Colloquium: Victimhood Nationalism in the Global Memory Space

Jie Hyun Lim speaks on victimhood nationalismAn exam­i­na­tion of “vic­tim­hood nation­al­ism” kicks off the Cen­ter for Kore­an Stud­ies spring 2018 col­lo­qui­um series on Thurs­day, Jan­u­ary 11, 2018. The col­lo­qui­um speak­er will be Jie Hyun Lim, pro­fes­sor of transna­tion­al his­to­ry at Sogang Uni­ver­si­ty. The title of his pre­sen­ta­tion is “Vic­tim­hood Nation­al­ism in the Glob­al Mem­o­ry Space.”

Pro­fes­sor Lim offers so-called vic­tim­hood nation­al­ism as a work­ing hypoth­e­sis to expli­cate com­pet­ing mem­o­ries of vic­tim­hood in the post­war Ver­gan­gen­heits­be­wael­ti­gung in the glob­al mem­o­ry space.

The emer­gence of the glob­al mem­o­ry space may be one of the most dis­tin­guished aspects of the glob­al­iza­tion in the twenty-first cen­tu­ry. The for­ma­tion of the glob­al mem­o­ry space, how­ev­er, does not nec­es­sar­i­ly guar­an­tee the mnemon­ic sol­i­dar­i­ty and the de-nationalization of col­lec­tive mem­o­ries. The glob­al mem­o­ry space is marked by com­pe­ti­tion between de-territorializing and re-territorializing mem­o­ries.

Lim will explore the dialec­ti­cal inter­play of the glob­al and nation­al mem­o­ry by review­ing crit­i­cal­ly the dichoto­my of per­pe­tra­tors and vic­tims, col­lec­tive guilt and inno­cence, nation­al and cos­mopoli­tan mem­o­ry, actors and objects, over- and de-contextualization, his­tor­i­cal con­formism and pre­sen­tism.

The his­tor­i­cal space in this con­sid­er­a­tion is not an indi­vid­ual nation, but the inter­sec­tion of mem­o­ry loci of entan­gled his­to­ries. Entan­gled mem­o­ries of vic­tim­hood demand more than a pile of vic­tim­hood nation­alisms sur­veyed sep­a­rate­ly with­in the nation­al his­to­ry frame­work. The transna­tion­al­i­ty of vic­tim­hood nation­al­ism demands a his­toire croisée approach to exca­vate the multi-layered past.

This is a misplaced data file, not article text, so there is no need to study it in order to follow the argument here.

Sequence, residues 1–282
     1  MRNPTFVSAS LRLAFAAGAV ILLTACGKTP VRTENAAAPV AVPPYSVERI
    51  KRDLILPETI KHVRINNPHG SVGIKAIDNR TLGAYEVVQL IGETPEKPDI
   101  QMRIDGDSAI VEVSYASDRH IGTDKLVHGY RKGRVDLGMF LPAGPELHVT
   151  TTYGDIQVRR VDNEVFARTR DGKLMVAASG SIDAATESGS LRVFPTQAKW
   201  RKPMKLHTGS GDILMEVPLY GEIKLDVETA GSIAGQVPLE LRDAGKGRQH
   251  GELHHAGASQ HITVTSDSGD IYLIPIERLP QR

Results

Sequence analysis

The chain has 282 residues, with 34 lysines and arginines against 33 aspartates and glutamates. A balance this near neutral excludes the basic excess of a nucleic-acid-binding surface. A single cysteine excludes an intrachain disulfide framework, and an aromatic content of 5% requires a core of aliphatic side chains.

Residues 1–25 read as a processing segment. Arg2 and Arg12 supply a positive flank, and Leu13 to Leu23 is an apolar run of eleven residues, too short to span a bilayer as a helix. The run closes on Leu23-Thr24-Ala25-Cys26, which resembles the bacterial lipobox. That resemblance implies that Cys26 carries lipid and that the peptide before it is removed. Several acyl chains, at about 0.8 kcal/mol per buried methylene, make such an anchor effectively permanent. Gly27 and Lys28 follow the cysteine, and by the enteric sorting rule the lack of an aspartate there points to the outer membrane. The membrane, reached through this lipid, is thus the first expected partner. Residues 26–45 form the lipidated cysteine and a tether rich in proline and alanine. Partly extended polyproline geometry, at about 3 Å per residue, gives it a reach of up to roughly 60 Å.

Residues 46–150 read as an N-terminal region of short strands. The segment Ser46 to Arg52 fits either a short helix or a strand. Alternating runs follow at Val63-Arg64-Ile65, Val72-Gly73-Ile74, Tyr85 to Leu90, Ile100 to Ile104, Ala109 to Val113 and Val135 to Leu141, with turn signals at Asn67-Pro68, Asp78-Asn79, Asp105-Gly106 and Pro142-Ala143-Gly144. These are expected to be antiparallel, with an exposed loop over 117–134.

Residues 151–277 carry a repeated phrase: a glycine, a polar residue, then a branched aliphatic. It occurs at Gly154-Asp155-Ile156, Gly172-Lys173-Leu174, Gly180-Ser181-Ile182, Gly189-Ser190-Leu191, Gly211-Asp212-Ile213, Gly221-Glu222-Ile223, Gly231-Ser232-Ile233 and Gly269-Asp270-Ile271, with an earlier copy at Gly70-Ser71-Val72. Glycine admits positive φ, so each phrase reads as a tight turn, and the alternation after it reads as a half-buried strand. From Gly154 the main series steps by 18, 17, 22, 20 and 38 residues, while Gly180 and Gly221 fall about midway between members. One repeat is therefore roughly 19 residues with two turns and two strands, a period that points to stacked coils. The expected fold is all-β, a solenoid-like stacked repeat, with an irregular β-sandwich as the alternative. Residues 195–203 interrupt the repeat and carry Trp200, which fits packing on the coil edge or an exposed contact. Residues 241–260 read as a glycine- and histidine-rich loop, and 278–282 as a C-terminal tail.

By draw­ing on the entan­gled pasts of the polit­i­cal pro­duc­tion, con­sump­tion, and dis­tri­b­u­tion of the vic­tim­hood rep­re­sen­ta­tions in Poland, Ger­many, Israel, Korea, and Japan, Lim will high­light the transna­tion­al his­to­ry of vic­tim­hood nation­al­ism. Over­com­ing vic­tim­hood nation­alisms in the glob­al mem­o­ry space is a key to the his­to­ry rec­on­cil­i­a­tion and mnemon­ic sol­i­dar­i­ty.

About the Speaker

Jie Hyun Lim is pro­fes­sor of transna­tion­al his­to­ry and found­ing direc­tor of the Crit­i­cal Glob­al Stud­ies Insti­tute at Sogang Uni­ver­si­ty in Seoul. He has writ­ten broad­ly on nation­al­ism and Marx­ism in com­par­i­son, Pol­ish his­to­ry, transna­tion­al his­to­ry, and glob­al mem­o­ry. Among oth­ers, he pub­lished five vol­umes of the Pal­grave series of Mass Dic­ta­tor­ship in the 20th Cen­tu­ry as the series edi­tor. His present research top­ic is “mnemon­ic sol­i­dar­i­ty in the glob­al mem­o­ry space.” His forth­com­ing book of transna­tion­al his­to­ry of vic­tim­hood nation­al­ism, cov­er­ing post-World War II Korea, Japan, Poland, Israel, and Ger­many, reflects the prob­lem­at­ics of mnemon­ic sol­i­dar­i­ty in the glob­al mem­o­ry space.

Lim serves on the boards of the CISH, NOGWHISTO and Toyn­bee Prize Foun­da­tion and on the edi­to­r­i­al board of Mov­ing the Social, Global-e and Annales Uni­ver­si­tatis Paed­a­gog­i­cae Cra­covien­sis, Stu­dia Poli­to­log­i­ca. He has held vis­it­ing appoint­ments at War­saw Uni­ver­si­ty, Cra­cow Ped­a­gog­i­cal Uni­ver­si­ty, Harvard-Yenching Insti­tute, Nichi­bunken, EHESS, Paris II Uni­ver­si­ty, Wis­senschaft­skol­leg zu Berlin, and Biele­feld Uni­ver­si­ty.

This col­lo­qui­um will take place from 4:00 to 5:30 p.m. in the Cen­ter for Kore­an Stud­ies Con­fer­ence Room, 1881 East-West Road, on the Uni­ver­si­ty of Hawai‘i Mānoa cam­pus.

Cen­ter for Kore­an Stud­ies events are free and open to all. Pre­sen­ta­tion of this col­lo­qui­um is sup­port­ed by the Doo Wook and Helen Nahm Choy Fund. For fur­ther infor­ma­tion, includ­ing infor­ma­tion on access for the hand­i­capped, tele­phone (808) 956‑7041. The Uni­ver­si­ty of Hawai‘i is an equal opportunity/affirmative action insti­tu­tion.